St Clement Danes Church

St. Clement Danes


This church, in the Strand, London, is believed to have been adopted by Danish residents in the 9th Century when they were allowed into London after converting to Christianity. They had been previously driven out by Alfred the Great. Being a seafaring people, the Danes named the church after St.Clement, the patron saint of mariners.

The church was rebuilt by William the Conqueror but subsequently deteriorated until it was demolished and rebuilt by Christopher Wren in 1682.

The church was gutted by fire on 10th May 1941 after being hit by a large German incendiary during the London Blitz. The outer walls, the tower and steeple survived but the interior was totally gutted.



The ten bells (see below) crashed to the ground and were put into storage for recasting after the war. The church remained derelict until 1953 when it was taken over by the Royal Air Force to be dedicated as a memorial to those men and women of the Allied Air Forces who had lost their lives in the war. Shrines along the inner walls were included in the redesign to hold Books of Remembrance listing over 150,000 casualties.

After an appeal for funds the church was completely restored and re-consecrated on 19th October 1958 as the Central Church of the Royal Air Force.



The stone floor leading to the altar has over one thousand badges of RAF squadrons and units, hand-carved from Welsh slate.

There are also memorials to the United States Air Force and Polish Air Force plus a considerable array of memorabilia. The original wooden pulpit (by Grinling Gibbons circa 1700) is in place, having been removed for safekeeping at the start of the Blitz. The Crypt is now a bright and airy chapel.




The church is open daily between 9am and 4pm ( except Bank Holidays). It is also the venue for special services and events so please check before your visit on 0207 242 8282.


Above: the church is a stop on the Battle of Britain Heritage Walk




The Bells of Saint Clements

Gay go up and gay go down
To ring the bells of London Town
Oranges and lemons say the bells of St Clement’s
Bullseyes and targets say the bells of St Margaret’s
Pokers and tongs say the bells of St John’s
Pancakes and fritters say the bells of St Peter’s
Two sticks and an apple say the bells of Whitechapel
Old Father Baldpate say the slow bells of Aldgate
Maids in white aprons say the bells of St Catherine’s
Brickbats and tiles say the bells of St Giles’
Kettles and pans say the bells of St Anne’s
Halfpence and farthings say the bells of St Martin’s
You owe me ten shillings say the bells of St Helen’s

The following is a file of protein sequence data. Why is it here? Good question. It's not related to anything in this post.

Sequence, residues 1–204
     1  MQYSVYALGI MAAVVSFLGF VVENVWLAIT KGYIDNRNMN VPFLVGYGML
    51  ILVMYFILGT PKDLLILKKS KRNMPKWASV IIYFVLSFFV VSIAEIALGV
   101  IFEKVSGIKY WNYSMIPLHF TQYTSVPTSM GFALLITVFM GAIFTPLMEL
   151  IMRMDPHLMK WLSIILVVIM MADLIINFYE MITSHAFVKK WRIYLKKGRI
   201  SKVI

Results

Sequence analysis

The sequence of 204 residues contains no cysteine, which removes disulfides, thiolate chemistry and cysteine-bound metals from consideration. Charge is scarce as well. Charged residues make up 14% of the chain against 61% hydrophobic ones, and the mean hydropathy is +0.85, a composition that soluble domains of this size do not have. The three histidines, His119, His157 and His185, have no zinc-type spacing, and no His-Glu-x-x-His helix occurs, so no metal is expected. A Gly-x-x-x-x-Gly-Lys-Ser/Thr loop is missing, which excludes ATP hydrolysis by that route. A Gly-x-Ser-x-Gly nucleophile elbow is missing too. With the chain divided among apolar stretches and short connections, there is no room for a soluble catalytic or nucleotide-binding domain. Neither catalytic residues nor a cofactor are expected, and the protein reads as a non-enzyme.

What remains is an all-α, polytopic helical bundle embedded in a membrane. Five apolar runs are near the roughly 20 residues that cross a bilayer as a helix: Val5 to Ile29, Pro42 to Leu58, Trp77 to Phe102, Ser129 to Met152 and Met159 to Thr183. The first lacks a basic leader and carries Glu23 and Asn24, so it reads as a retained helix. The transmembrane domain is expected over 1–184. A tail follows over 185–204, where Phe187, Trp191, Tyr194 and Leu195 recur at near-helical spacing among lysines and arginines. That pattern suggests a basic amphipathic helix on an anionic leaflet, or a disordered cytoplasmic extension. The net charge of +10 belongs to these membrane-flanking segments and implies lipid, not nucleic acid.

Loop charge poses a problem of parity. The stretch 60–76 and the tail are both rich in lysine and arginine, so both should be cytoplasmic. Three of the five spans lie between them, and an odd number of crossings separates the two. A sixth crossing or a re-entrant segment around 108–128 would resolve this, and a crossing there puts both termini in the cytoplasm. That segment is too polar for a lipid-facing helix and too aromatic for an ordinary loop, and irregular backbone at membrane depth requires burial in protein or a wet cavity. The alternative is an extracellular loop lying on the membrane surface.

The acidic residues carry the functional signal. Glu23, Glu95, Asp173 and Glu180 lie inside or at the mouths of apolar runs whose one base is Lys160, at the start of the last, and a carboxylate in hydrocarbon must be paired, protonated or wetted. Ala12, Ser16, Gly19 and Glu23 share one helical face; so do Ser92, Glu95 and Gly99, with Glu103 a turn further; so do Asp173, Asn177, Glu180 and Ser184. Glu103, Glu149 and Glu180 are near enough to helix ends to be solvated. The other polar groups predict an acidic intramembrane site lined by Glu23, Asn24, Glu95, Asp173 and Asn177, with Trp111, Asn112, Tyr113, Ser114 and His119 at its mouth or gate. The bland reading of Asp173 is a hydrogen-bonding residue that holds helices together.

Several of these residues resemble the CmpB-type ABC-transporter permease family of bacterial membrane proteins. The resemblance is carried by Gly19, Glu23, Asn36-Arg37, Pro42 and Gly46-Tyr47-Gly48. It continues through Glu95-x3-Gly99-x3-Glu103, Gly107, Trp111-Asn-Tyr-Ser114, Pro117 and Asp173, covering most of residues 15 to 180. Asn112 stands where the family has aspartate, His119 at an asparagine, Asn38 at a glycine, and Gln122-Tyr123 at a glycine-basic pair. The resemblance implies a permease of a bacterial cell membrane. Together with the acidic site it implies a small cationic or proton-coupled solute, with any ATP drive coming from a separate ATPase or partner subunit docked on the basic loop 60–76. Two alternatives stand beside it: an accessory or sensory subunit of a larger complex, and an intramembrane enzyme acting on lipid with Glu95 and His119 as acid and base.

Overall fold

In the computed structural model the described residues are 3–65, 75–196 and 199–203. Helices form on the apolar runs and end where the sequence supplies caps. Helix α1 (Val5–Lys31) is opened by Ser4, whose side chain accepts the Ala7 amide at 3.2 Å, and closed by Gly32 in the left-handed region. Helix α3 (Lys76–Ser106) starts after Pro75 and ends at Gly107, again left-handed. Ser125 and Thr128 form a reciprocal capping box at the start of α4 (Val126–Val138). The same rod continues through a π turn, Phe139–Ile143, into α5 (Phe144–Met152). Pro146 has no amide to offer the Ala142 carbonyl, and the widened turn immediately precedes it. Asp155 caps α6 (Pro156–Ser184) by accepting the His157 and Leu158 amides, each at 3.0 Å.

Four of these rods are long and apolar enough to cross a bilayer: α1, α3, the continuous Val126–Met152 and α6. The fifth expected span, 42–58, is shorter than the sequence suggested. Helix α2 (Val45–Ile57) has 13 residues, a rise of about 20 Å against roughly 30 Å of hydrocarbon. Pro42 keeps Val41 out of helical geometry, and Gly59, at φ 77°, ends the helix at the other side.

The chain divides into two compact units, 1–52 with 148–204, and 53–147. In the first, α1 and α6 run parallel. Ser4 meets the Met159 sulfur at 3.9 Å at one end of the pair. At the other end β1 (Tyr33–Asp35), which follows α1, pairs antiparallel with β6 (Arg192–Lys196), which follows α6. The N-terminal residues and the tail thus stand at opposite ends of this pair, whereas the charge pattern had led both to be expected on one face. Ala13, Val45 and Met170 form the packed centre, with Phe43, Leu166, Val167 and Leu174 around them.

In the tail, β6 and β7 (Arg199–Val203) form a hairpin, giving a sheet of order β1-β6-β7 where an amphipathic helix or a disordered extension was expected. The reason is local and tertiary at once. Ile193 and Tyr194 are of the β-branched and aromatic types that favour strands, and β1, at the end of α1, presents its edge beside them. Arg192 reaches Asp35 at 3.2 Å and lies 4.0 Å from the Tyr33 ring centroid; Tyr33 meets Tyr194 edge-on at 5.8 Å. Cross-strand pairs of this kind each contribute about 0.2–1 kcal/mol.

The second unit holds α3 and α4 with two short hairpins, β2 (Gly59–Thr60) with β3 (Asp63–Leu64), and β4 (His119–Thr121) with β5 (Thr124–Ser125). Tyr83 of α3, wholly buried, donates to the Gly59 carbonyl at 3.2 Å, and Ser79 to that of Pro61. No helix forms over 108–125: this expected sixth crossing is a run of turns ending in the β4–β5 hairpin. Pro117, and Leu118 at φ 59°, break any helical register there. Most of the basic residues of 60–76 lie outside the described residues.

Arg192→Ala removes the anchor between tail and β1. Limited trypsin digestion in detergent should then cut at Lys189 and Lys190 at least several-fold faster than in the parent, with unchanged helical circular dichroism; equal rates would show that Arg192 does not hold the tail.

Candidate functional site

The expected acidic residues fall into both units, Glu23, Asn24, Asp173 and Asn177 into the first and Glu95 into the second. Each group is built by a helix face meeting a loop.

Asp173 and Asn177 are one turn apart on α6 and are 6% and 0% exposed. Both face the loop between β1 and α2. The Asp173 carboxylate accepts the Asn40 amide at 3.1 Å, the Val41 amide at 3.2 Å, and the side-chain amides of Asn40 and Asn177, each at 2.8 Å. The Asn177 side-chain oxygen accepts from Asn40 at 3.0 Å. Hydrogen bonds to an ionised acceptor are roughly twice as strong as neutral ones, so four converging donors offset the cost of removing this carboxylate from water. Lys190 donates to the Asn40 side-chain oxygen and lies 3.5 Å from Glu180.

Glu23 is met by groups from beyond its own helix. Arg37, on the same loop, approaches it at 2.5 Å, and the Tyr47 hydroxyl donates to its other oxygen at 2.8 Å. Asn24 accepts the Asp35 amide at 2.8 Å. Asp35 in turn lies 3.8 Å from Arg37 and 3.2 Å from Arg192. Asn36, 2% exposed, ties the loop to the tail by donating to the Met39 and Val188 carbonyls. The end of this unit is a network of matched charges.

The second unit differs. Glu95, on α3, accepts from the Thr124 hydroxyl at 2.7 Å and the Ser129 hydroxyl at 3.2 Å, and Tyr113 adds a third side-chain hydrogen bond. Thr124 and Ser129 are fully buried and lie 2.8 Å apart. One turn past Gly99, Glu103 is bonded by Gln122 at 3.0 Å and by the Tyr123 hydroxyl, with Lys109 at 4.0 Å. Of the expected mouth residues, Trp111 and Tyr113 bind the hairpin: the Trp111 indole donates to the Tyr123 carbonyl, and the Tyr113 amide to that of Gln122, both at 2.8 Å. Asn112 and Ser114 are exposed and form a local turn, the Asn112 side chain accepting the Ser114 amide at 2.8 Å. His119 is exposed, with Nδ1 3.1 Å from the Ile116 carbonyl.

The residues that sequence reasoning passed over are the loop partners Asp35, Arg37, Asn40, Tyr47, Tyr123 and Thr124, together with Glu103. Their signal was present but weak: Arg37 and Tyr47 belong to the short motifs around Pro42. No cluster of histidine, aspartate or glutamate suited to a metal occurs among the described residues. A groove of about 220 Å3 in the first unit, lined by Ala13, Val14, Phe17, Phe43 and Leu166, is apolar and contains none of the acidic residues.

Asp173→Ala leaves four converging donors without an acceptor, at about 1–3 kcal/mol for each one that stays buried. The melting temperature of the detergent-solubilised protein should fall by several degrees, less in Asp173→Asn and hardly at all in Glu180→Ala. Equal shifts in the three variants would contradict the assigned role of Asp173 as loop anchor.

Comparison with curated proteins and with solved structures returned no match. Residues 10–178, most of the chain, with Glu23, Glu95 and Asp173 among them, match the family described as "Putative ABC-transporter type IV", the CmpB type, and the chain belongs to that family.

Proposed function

When will you pay me? say the bells of Old Bailey
When I grow rich say the bells of Shoreditch
Pray when will that be? say the bells of Stepney
I’m sure I don’t know says the great bell at Bow
Here comes a candle to light you to bed
And here comes a chopper to chop off your head
Chip-chop chip-chop the last man’s dead.


Although this rhyme is famous, little is known of its origins. The first printed version appeared in “Tom Thumb’s Pretty Song Book” (Vol.II) of 1744. The rhyme is certainly very old and appears in a number of versions with less than total agreement as to which lines should be present or in which order. It has been suggested that it originated in a dance, in which the people danced up and down the streets to the ringing of the bells. “Gay go up and gay go down” could refer to the movement of the gaily-coloured sallies on the bellropes as the bells are rung.

The macabre ending is of interest. It might refer to the executions which took place at night, when the victims were escorted through the streets of London as the bells tolled.

St Clement’s, Eastcheap, makes a claim to be the church referred to, on the strength of the presence in medieval times of a market selling Spanish oranges near Old London Bridge very close to the church’s location.

St. Clement Danes’ bases its claim on the fact that in the Middle Ages it was common practice for ships to sail upriver to a point west of the city in order to avoid paying the city’s harbour dues, and discharge cargoes at what is now the Victoria Embankment. In those times the churchyard of St Clement Danes’ reached down to the riverbank. The cargoes were transported through the churchyard to Clare Market (where now the London School of Economics now stands) just yards from the church.

A toll in fruit is likely to have been levied for this privilege. In 1920 the Reverend Pennington Bickford instituted the custom of distributing an orange and a lemon to the children of St Clement Danes’ school annually before the end of March, and how this practice was restored along with the church by the Royal Air Force in 1957.


The church has a healthy Friends group, details and more information at :